~ By Brad Egeland
I think best practices – as they pertain to project management – can be just about anything that makes sense, gets the job done efficiently, keeps your projects on track, and your customers happy. That said, not everything applies. Giving each customer Starbucks gift cards is a nice gesture, but doesn't really fall under "best practices."
Pure and simple, there are some fundamental concepts on how to best proceed on an activity. The concepts lead to a better final outcome when most or all are put into practice the right way. They differ from activity to activity, but they are there. Project management is no exception.
But specifically looking just at project management - what are these PM best practices, in general?
When we lead projects and skilled technical teams, what consistent tasks and actions do we take so our projects are as successful and productive as possible?
There are likely almost as many best practices as there are project managers in the world. However, there are definitely a few 'core' project management practices that most will agree fit the bill.
While this is in no way my all-inclusive list, here's my take on some key project management best practices:
Communication is key on any engagement. It is the #1 responsibility of the project manager.
Communication – when practiced effectively and efficiently on a project – ensures that all team members and the customer know the project status at all times. They know what's expected of them. They know the requirements, issues, and risks involved.
Up-front planning is the key to documenting proper requirements for every engagement.
It's easy to make a project look better on paper to meet customer and executive management's wishes if planning is compressed to match a shorter project timeframe and lower budget. However, it will not satisfy anyone in the long run.
A project without enough up-front planning is nearly always doomed to fail in at least one of the major success factor areas: time, budget, or satisfaction.
In matrix-type organisations, most project managers are overseeing multiple project teams that comprise various skilled professionals who themselves are also working on several different engagements.
The key is to be the project manager who cares the most about your budget.
If your project team members know you care and you're tracking the project budget closely, then your project will not be the one that gets their 'extraneous' hours.
Let's face it – we've all been there. You've worked a hard 50+ hour work week on multiple projects and it's Friday afternoon and time to sort out your hours and submit detail on what you worked on during the week. Most of it we can explain accurately. But there are always those 5-6 hours that you know you worked but don't seem to fit into the activities you worked on.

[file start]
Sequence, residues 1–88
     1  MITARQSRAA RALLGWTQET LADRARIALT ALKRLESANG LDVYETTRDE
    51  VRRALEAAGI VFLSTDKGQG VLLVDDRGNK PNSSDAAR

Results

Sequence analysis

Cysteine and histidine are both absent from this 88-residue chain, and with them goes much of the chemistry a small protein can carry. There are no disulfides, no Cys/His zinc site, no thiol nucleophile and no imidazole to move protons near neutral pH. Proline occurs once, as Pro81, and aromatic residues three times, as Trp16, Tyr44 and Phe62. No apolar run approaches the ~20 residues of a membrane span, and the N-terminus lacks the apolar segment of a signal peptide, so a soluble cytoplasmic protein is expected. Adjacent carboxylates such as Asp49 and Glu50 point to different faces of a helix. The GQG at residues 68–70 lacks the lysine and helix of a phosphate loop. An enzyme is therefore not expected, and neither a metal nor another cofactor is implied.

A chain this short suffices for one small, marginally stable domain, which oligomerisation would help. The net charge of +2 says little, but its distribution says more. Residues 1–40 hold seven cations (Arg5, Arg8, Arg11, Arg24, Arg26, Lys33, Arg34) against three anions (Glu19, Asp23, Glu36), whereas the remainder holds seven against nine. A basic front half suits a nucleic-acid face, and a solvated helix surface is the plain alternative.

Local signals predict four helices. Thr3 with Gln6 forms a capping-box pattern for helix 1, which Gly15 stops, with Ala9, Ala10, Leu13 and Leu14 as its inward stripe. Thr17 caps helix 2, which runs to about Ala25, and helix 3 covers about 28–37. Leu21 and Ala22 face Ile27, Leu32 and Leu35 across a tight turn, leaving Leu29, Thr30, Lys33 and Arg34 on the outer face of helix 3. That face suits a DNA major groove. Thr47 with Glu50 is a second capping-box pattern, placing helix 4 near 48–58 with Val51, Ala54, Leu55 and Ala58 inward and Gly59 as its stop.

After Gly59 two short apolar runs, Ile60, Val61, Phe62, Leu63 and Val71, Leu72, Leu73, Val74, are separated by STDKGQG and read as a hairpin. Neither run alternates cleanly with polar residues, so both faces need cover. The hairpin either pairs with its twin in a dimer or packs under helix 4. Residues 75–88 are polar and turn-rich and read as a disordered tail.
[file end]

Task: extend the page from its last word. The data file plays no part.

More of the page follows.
It has to go somewhere…where does it go?
If you're like most team members, you take your best guess OR you charge to a project that you know you can charge it to without getting backlash from the project manager. I guarantee you if you're watching your project budget and your team knows it, you won't get those 'extra' hours charged to your project.
Likewise, a closely monitored budget rarely gets too far out of hand without the project manager knowing it. And correcting a 5% budget overrun is a lot easier than correcting a 40% budget explosion. It can mean the difference between success and utter project failure.
Change control is critical when you're running projects for your internal or external customers. It takes a stubborn and well-organised project manager to manage project scope and take a firm stand when the line in the sand gets pushed.
Don't be afraid to yell 'out of scope!' and to document changes your customer is requesting that do not fall within the agreed-upon project requirements. If you keep a firm grip on the project scope, document changes and negotiate well with the customer, you can usually experience double success.
You can get increased project revenue through change control. And you can have satisfied customers through meeting their needs and the true needs of their end users by delivering a workable solution.
Good project managers organise their teams and customers early in the project to focus on the identification of potential risks. Then, throughout the engagement, they continue to lead the team in practicing risk avoidance and risk mitigation activities.
Along with that, it is also critical to manage all issues on an ongoing basis. This means assigning them to team members (both on the delivery team side and the customer side) just as you would all tasks on the project. Then continually review and revisit them on an ongoing basis.
Ideally, these ongoing issue and risk review activities become part of the weekly status meetings on the project. That way they stay in front of everyone and are monitored closely and routinely.
These are just five fundamental 'best practice' activities that all project managers should be using on their engagements. There are other obvious ones that I didn't mention – producing weekly status reports, holding weekly project meetings, and revising the project schedule on a regular basis. Those are also best practices and need to happen, but most are aware of this.
How about our readers? What do you consider your project management best practices? Does your organisation specifically define a few? Please share and discuss…